In the darkest depths of despair, it often takes courage to hope.
Yet without it, little is possible, says Spokane native Julie Neraas.
“For where there is hope, there is life. And where there is no hope, life is greatly diminished,” she wrote in her just-released book, “Apprenticed to Hope: A Sourcebook for Challenging Times.”
“In fact, to live without hope is to barely live at all. The capacity to hope is an indispensable human quality; even in times of crisis where confidence and trust have been broken, hope sustains us in our living.”
At a time when hope might seem elusive to some – especially as the country reels from a recession, as people struggle to get by, as the world witnesses war, violence and threats to the environment – Neraas offers an invitation to readers to discover their own heritage of hope.
By reaching deep inside or to others and by becoming more conscious of the power of hope, people can become resilient and more open to the realm of possibility, she said.
“Hope is sometimes seen as a lightweight subject, a last-ditch virtue that we save for time of crises,” Neraas said during a phone interview from her home in Minneapolis.
“But hope is present all the time. … I think of hope as a sense of a way forward, a feeling that things can work out and that we will somehow find the necessary resources to handle whatever life brings.”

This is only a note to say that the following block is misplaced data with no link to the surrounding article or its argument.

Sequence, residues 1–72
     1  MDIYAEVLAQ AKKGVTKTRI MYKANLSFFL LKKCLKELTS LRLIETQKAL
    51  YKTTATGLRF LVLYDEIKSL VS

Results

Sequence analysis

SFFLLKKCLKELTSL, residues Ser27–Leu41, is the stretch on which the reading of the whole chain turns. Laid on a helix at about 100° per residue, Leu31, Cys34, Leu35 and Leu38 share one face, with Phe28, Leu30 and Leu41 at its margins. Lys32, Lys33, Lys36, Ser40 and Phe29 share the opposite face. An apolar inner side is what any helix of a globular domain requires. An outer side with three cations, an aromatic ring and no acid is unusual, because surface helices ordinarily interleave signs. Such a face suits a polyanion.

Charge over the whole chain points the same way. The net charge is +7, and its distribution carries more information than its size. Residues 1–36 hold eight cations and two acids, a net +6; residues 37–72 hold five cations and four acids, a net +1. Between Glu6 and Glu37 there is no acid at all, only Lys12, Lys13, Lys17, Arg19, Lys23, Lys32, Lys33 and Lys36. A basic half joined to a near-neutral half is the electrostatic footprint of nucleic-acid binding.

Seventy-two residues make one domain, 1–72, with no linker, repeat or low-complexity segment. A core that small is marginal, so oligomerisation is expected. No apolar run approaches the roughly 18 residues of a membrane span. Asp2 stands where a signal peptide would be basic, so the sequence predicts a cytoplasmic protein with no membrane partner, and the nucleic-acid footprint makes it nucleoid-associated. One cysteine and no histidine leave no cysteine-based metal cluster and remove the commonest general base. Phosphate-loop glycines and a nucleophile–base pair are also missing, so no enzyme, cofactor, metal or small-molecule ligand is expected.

Neraas, a Presbyterian pastor, spiritual director and professor at Hamline University in St. Paul, Minn., is back in Spokane this weekend to visit family and friends and to read from her new book.
During a presentation this afternoon at the Episcopal Cathedral of St. John the Evangelist, Neraas will discuss the nature of hope and how it is differs from faith or optimism.
She’ll also speak of hope as a “renewable resource” – how it is wide-eyed, realistic and adaptable and how it enables humans to envision something better while propelling them to move forward.
“When all the paths you have tried lead to dead ends, and you see nothing but closed doors, the energy of hope is the hatchet with which you break down doors,” she wrote.
“This brand of hope is muscular; it actively scans the horizon for options, hypothesizes solutions, and considers possible ways forward. …
“With hope so much is possible. Without it, so little is.”
Throughout the book, Neraas offers insights and lessons that can be applied to people’s lives – not just during the difficult times when they suffer from loss or a lack of meaning, but also as they subsist each day.
“Apprenticed to Hope” is a mix of poetry, literature, theology and psychology. It’s based on Neraas’ experiences as a minister, spiritual director, professor and treatment center chaplain, but especially on her struggle with chronic illness.
Neraas said she has been an “apprentice” to hope since she was a child growing up in Spokane. Her understanding of hope matured during her undergraduate years at Whitworth University and also while working in diverse settings, including a prison in inner-city Philadelphia and a treatment center for people addicted to drugs and alcohol.
Hope was tested many times in those rugged places, where she worked with people who had hit rock bottom and didn’t know where else to turn, Neraas said.
But the subject of hope became even more personal about 12 years ago, when she first experienced the symptoms of Chronic Fatigue, Fibromyalgia and Immune Dysfunction Syndrome (CFIDS).